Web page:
Door blocks

Hours Worked = 2.25

Tonight, I started by fine tuning the PlaneAround angled door pins. Since the door pins have a slash cut angle at the end of them (in order to help pull the door inwards and down as the pins catch the striker blocks), the pushrods need to be sanded to just the right length. Since you thread the pins into the pushrods, wherever they bottom out determines the direction the angle of the pin points. So taking a little off at a time, I worked everything to just where I want it.

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Next, I installed the striker blocks. These are blocks that center and hold the door tight (in the fore / aft direction), and also help to catch the door pins. These blocks are also aftermarket, and included with the PlaneAround angled pins. These were pretty simple to install. I just used a scrap of door pushrod to center the blocks on the door pin holes, and match drilled them in place. After that, I just needed to sand them down a bit to make sure the door fit snugly between the fore and aft blocks, and was also centered in the correct place.

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Next, I began to work on the block that catches the center latch cam. But first, the bottom lip of the door opening was too tall. It was catching the cam as the door closed. So I ended up having to take the lip down about 1/4″ the length of the opening. After that, I needed to figure out where the cam block would be positioned. Ideally, you want as tight to the door as you can, but I also had to allow for room to put the door seal in. And to fit the door seal, I needed to thin out the lower lip. I needed to add material to the lower lip to get the proper gap to the door skins, but now, the entire lower lip was too thick to fit the seal on it.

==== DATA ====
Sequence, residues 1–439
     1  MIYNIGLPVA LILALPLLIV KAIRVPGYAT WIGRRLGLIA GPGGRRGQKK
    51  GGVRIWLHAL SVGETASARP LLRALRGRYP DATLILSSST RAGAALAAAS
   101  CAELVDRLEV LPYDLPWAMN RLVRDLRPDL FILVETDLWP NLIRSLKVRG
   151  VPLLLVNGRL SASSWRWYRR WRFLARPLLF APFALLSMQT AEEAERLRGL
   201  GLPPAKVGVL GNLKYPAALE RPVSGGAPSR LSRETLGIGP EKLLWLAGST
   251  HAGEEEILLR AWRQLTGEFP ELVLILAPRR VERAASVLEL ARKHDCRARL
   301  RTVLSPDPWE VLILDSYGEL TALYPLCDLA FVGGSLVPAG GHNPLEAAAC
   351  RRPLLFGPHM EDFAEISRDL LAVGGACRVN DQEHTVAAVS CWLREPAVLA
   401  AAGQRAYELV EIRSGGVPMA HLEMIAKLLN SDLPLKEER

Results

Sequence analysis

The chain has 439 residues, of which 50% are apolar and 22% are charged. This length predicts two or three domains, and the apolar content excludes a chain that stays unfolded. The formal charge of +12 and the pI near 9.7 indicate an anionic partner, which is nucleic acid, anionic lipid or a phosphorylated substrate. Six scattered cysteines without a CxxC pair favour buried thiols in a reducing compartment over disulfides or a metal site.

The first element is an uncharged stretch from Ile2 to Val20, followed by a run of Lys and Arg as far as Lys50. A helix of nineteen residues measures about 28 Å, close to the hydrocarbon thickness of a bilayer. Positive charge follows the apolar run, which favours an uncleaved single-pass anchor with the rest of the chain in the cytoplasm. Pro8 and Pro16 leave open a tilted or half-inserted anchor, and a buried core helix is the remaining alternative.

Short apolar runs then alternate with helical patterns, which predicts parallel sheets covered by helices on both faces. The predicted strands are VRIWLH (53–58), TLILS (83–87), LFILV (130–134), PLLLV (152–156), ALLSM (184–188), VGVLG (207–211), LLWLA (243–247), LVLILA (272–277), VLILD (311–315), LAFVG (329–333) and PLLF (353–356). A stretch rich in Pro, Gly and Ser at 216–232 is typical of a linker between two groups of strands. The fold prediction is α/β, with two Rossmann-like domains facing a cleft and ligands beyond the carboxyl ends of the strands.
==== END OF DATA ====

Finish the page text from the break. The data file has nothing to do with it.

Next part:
To narrow the lip to the proper thickness for the McMaster seal, I whipped up a little dremel router contraption with tongue depressors that would give me the 1/4″ thickness I needed.

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Once I was able to get the seal in place, I positioned and match drilled the cam block. This also needed to be cut down a bit. I then installed the cam onto the shaft and temporarly tightened it in place with the set screw and tested the entire system with the door seal in place. It works great! With NO inward pulling on the handle, the cam pulls the door in as needed, and the door pins engage perfectly. There is still more friction in the system that I’d like, but that’s something that I’ll tweak further down the road.

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